Yet, by specifically arming more moderate rebel forces, Washington could alter the Sunni-Shi’ite balance of power while also marginally improving the odds against a radical Sunni takeover. Radical Sunnis are in the ascendant now mainly because they are far better armed than the moderates. Such aid might also improve relations a bit with Syria’s Sunnis, who currently resent America bitterly for having done nothing but “stand by and watch” as Assad’s forces slaughtered them.
This policy would have been far more effective a year ago. But even today, it could slightly improve the chances of a better outcome in Syria while also helping to bring down Hezbollah. In contrast, doing nothing will likely result in both Hezbollah’s survival and a radical Sunni regime in Syria.
But if the military issue is complex, the financial one is a no-brainer. Hezbollah raises substantial sums of money in Europe, which the EU could halt by designating it as a terrorist organization. Indeed, Hezbollah leader Hassan Nasrallah himself said such a designation “would dry up the sources of finance” and “end moral, political and material support” for Hezbollah. And with Hezbollah operatives having been incriminated for a deadly terror attack on EU soil, and now on trial for plotting another in Cyprus, the time would seem ripe.
Nevertheless, several key EU countries strongly oppose designation. France and Germany reportedly tried to keep the issue from even arising by lobbying Bulgaria to refrain from blaming Hezbollah; France also warned that EU designation could endanger French peacekeepers in Lebanon. The attitude was epitomized by the EU’s top counterterrorism official, Gilles de Kerchove. Even if Hezbollah perpetrated the Burgas bombing, he said, “you need to ask yourself: ‘Is this [designation] the right thing to do?’ … Given the situation in Lebanon, which is a highly fragile, highly fragmented country, is listing it going to help you achieve what you want? … There is no automatic listing just because you have been behind a terrorist attack. It’s not only the legal requirement that you have to take into consideration, it’s also a political assessment of the context and the timing.”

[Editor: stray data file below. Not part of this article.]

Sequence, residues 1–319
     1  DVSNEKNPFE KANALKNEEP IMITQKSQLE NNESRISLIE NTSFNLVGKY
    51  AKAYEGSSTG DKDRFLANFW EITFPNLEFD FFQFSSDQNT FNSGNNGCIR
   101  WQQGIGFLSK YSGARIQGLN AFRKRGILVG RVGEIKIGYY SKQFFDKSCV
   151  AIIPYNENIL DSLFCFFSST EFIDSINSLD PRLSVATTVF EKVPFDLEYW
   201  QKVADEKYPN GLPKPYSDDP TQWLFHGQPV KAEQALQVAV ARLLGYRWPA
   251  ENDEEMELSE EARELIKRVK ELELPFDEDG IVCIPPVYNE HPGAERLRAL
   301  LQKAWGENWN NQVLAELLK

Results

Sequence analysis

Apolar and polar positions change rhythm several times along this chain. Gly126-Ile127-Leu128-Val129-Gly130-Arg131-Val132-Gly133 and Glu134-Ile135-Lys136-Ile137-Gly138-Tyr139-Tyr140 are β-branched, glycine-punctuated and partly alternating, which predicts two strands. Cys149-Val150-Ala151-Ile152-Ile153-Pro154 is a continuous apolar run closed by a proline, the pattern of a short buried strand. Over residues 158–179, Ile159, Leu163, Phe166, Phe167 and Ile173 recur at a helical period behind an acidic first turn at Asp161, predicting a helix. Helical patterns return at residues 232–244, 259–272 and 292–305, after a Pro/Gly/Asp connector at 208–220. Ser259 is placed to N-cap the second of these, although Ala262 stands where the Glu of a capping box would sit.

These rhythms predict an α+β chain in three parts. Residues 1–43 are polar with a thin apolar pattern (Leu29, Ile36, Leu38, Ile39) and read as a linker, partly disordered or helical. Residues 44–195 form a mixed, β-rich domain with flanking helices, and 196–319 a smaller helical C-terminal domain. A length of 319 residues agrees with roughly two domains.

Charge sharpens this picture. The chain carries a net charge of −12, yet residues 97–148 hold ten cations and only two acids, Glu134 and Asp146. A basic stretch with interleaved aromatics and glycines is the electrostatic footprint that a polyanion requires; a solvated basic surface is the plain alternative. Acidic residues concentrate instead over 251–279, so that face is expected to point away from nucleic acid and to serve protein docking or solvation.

Thus to obtain EU action, Washington may need to engage in massive diplomatic arm-twisting. Fortunately, it currently has exceptional leverage over Paris, the leading opponent of designation, because France still needs American help (intelligence, transport, midair refueling aircraft, etc.) for its ongoing military operation in Mali. Washington should not hesitate to exploit this leverage.
It should also consider assuaging French concerns over its peacekeepers in Lebanon by moving to end UNIFIL’s mandate. The UN peacekeeping force neither prevented Hezbollah’s 2006 war with Israel nor kept it from rearming afterward; thus if a trade-off is needed, UNIFIL does far less to keep the peace than would an EU designation that could substantially weaken Hezbollah – which, after all, is Lebanon’s main source of both internal instability and tension with Israel.
The current confluence of events provides a unique opportunity to finally end Hezbollah’s grip on Lebanon. But Washington must seize the moment. If it misses this opportunity, the next one may be a long time coming.